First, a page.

Billions of animals are used every year to create textiles for the fashion industry, but animals aren’t the only ones suffering. The production of animal derived materials also has a devastating impact on our environment. Luckily, there is a solution that is positive for both animals and the planet. Next generation materials offer plant-based alternatives to products such as leather, fur, down, wool, and more!
Next Generation Materials
Just as plant-based foods offer alternatives to meat and dairy, plant-based fabrics offer animal-free alternatives for our clothing. Known as next generation materials, or next-gen, these fabrics differ from many of the plastic-based animal-free products currently on the market because next-gen materials take into account environmental sustainability as well as animal welfare.
Plants & Algae
Plants such as pineapple, coconut, soybean, hemp, wood cellulose, cactus, apples, corn, bananas, grapes, rice, and more can be made into fabrics of various textures and purposes. Fungi and algae are also commonly used in next-gen materials.
This root-like structure of some fungal species offers such unique qualities, that it is often considered its own category of next-gen materials. Mycelium can be used as a leather alternative, in addition to replacing other plastic based elements in fashion, such as sneakers and shoe soles. It is also fire-proof, and is thus being developed as a building material in addition to the vast innovation it has spawned in the fashion industry.
Processes such as fermentation can produce products such as biopolymers and proteins that are then developed into next generation materials. Microbe materials can be used to make fur alternatives, leather alternatives, yarns, knit fabric, woven fabric, denim, fleece, and more.
Rather than always creating new fabrics, next-gen materials also encourage using materials that are already in existence and creating new garments or fabrics from the previously existing material. This category can include plastic-based materials or recycled animal-derived products.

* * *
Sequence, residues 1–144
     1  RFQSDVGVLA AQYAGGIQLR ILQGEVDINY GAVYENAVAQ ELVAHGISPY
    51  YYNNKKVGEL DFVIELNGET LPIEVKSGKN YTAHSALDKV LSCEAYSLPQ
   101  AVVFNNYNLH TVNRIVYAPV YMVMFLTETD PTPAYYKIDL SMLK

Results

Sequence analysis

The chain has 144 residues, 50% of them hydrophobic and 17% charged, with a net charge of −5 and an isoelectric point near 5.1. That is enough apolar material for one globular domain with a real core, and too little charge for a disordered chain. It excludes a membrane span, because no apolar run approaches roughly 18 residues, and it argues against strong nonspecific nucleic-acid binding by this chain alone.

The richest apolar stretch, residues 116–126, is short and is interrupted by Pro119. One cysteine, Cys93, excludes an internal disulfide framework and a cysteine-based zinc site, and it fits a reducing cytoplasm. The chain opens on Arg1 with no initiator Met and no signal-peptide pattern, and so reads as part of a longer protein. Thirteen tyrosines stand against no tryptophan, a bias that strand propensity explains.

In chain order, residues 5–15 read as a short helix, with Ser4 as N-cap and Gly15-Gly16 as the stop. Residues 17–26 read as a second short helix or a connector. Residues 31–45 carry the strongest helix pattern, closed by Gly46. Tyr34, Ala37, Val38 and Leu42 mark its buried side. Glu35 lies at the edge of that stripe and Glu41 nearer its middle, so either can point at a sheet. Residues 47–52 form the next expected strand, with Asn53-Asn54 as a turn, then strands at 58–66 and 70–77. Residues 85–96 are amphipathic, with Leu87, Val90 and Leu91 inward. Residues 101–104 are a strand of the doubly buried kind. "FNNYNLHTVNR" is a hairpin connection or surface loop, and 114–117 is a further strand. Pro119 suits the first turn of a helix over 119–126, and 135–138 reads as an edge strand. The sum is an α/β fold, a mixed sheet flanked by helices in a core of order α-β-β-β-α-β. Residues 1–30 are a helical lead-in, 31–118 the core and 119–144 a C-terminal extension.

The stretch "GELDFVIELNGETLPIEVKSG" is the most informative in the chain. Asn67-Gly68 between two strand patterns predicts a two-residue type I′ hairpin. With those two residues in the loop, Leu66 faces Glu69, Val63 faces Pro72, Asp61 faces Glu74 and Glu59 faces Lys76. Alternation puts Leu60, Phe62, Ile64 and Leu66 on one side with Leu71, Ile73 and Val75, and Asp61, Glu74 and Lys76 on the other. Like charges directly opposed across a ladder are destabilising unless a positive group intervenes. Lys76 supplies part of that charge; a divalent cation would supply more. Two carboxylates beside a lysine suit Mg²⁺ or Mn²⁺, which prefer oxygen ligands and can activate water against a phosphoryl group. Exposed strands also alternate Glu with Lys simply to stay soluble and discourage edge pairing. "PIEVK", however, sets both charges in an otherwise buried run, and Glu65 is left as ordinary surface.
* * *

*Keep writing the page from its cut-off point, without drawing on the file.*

Why do we need to reduce use of animal derived materials?
Numerous undercover investigations have documented the extensive animal suffering and abuse that occurs in the production of animal-derived products. Cruel practices persist, such as live plucking of birds for their feathers, mulesing of lambs bred for their wool, and fur-bearing animals spend their entire lives in tiny cages, only to be cruelly slaughtered for their fur.
Even for brands with certified textile supply chains and animal welfare policies, there is inherent risk to animal welfare in the intensive production of animal derived materials, and it remains highly challenging to guarantee that animals are being treated humanely.
Why are animal derived materials considered bad for the environment?
The environmental impact of animal derived materials is significant, and their production is often directly linked to intensive livestock farming, accounting for 83% of agricultural land use1 and 16.5% of the world’s greenhouse gas emissions2.
And it’s not just the farming phase of animal derived material production that is detrimental to the environment, these materials need a significant amount of processing before use, often requiring treatment with toxic chemicals, heavy metals, or fossil fuel-based substances.
Fashion Innovation and Economic Impact of Next Generation Materials
With over three billion dollars of investment into the next-gen materials industry over the past decade, we are seeing more and more innovative and ingenious ways of producing textiles for fashion without the huge cost to animals and the environment. Brands such as Stella McCartney, Ganni, Miomojo, Pangaia and Hermès are already successfully showcasing garments and accessories made from plants and fungi, using microbes, and other innovative processes. Additional brands are taking strides to improve their animal welfare policies, such as Nike, who have recently committed to using certified Responsible Wool Standard, as well as many other leading brands which have signed our brands against mulesing list, such as Puma, Adidas, and Hugo Boss.
It is vital that brands support these innovators in their efforts to transform the fashion industry for the better, and we can do this by first by reducing our use of animal derived materials and transitioning to low-impact animal-free material choices.
- Look for animal-free biobased or recycled materials, like handbags made from mushrooms, cactus, apples, grapes and more!
- Go for products made from waste, like discarded fishing nets and even used coffee grinds.
- Let brands know how you feel about their use of animal derived materials and their negative impacts.
- Ask them what next-gen materials they are investing in or trialing, you could even encourage them to create a version of your favorite bag or accessory with a next-gen material – brands want to know there is demand for change amongst their customer base!
- For brands still using animal derived materials, ask about how they go about ensuring adequate animal welfare within their supply chains, and what they’re doing to reduce use.
Let’s help create a kinder fashion industry and a make the world a place where animals, the environment and people are treated with respect, empathy and understanding.